The summer travel season is off to a rocky start for America’s largest air carriers. Over the five-day Memorial Day weekend, more than 2,800 flights were canceled for one reason or another, with severe weather playing only a small part.
More than one-third of all flights at LaGuardia Airport and over a quarter of flights at Newark Airport were canceled Thursday in one of the worst travel days yet this summer. The problem is partially attributed to a lack of pilots. Retirements and losses during the pandemic have yet to be filled.
And the staffing shortage isn’t limited to pilots. Flight crews, ground personnel, airport security people — all are in short supply.
Unions representing pilots at Delta, American and Southwest Airlines said the companies have been too slow to replace pilots who retired or took leaves of absence during the pandemic.
Airlines have also placed the blame on poor weather conditions and the Federal Aviation Administration, which manages the country’s airspace and air-traffic control centers, which are also struggling with staffing issues.
Thursday’s cancellations happened as airline CEOs met with US Transportation Secretary Pete Buttigieg in a virtual meeting to discuss concerns over airport bottle-necks and frustrated travelers this summer.
“I let them know that this is a moment when we are really counting on them to deliver reliably for the traveling public,” Buttigieg told NBC News.
It’s become a familiar refrain from Biden administration officials: it’s your fault, not ours.
What should the airlines do to “deliver reliably for the traveling public”? Perhaps a “Help Wanted: Pilots” TV campaign?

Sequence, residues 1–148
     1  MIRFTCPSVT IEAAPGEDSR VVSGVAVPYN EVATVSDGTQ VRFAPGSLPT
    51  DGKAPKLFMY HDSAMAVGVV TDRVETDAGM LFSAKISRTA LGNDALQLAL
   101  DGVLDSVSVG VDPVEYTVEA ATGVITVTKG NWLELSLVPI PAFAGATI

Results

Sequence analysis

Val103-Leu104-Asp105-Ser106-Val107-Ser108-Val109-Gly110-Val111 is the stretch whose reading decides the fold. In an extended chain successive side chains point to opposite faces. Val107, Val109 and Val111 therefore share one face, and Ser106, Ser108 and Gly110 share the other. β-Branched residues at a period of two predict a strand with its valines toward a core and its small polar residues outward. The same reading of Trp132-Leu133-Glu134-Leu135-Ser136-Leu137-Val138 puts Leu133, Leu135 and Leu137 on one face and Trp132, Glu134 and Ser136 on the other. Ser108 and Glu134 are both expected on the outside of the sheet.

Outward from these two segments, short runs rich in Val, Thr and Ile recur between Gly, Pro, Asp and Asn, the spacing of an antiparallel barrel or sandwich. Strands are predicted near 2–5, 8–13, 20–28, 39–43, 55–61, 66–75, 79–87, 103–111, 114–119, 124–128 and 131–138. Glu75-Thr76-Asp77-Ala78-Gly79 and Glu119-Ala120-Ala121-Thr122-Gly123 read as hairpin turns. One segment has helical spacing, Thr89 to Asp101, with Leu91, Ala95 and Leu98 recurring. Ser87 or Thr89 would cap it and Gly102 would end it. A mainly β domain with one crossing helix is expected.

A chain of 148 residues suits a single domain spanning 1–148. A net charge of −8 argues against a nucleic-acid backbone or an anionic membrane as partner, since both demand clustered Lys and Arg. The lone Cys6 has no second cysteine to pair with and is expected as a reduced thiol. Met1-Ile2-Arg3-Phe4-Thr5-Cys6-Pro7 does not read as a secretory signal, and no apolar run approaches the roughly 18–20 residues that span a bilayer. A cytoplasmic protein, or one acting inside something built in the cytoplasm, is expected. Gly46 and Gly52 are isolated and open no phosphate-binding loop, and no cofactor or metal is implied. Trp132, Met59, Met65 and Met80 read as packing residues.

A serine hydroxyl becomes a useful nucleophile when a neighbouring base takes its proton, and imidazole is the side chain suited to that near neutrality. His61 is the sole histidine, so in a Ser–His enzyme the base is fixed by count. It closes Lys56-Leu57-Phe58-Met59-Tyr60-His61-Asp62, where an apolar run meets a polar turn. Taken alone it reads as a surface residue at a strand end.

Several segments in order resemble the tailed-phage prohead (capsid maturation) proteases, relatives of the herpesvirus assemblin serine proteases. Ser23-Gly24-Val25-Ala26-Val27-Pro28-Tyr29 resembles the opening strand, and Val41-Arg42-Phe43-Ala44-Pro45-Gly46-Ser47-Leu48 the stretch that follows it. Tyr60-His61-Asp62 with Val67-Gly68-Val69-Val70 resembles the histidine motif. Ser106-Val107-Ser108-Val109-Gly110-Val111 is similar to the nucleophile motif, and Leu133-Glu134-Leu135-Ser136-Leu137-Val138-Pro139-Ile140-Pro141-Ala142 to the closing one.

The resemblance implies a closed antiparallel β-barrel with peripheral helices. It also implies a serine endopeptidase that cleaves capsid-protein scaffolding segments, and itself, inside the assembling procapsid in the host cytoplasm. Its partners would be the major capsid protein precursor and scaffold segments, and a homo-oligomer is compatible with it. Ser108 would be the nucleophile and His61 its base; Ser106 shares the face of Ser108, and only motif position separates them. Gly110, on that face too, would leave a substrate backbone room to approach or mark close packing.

The fact is, people who can pilot the big jets safely don’t grow on trees. About one-third are ex-military pilots, down from 80 percent in the 1960s. The military is also having difficulty attracting pilots. Given that the machines they’re flying are becoming more and more complex, this is worrisome news for the commercial airline industry. For more than a decade, industry analysts have pointed to the deficiencies in the pilot pipeline from military to civilian work.
Now, the predictions of pilot shortages have become a reality. Hastened by the pandemic and the massive layoffs in the commercial airline industry, airlines are scrambling to fill the gaping holes in their schedules — the result of fewer-than-expected pilot hires.
In the late 1960s, the Air Force upped the number of years a pilot had to serve from four to ten. According to a Washington Post analysis, “One pilot serving 10 years now does the work of 2.5 pilots serving four each.”
It also deters some aspiring pilots who saw a four-year commitment as a viable alternative to flight school but weren’t willing to commit to 10 years of flying, after a year or more of training.
Now most pilots are choosing a civilian education even though flight-time requirements for commercial co-pilots have climbed from 250 to 1,500 hours. It can cost as much as $300,000 to attend a private, four-year aviation university, Smith said. But the returns are immediate — entry-level co-pilots earn $30,000 to $50,000 a year, and veterans at major carriers can earn $300,000 or more.
It’s not going to be possible to make up the shortfall in pilots anytime soon.
Turnover at the Transportation Security Administration is also a huge problem and non-government airport workers are notoriously underpaid. Attracting and keeping workers would be a big first step in addressing the current problem.
But if you’re flying this summer, you’re likely to experience delays and even cancelations.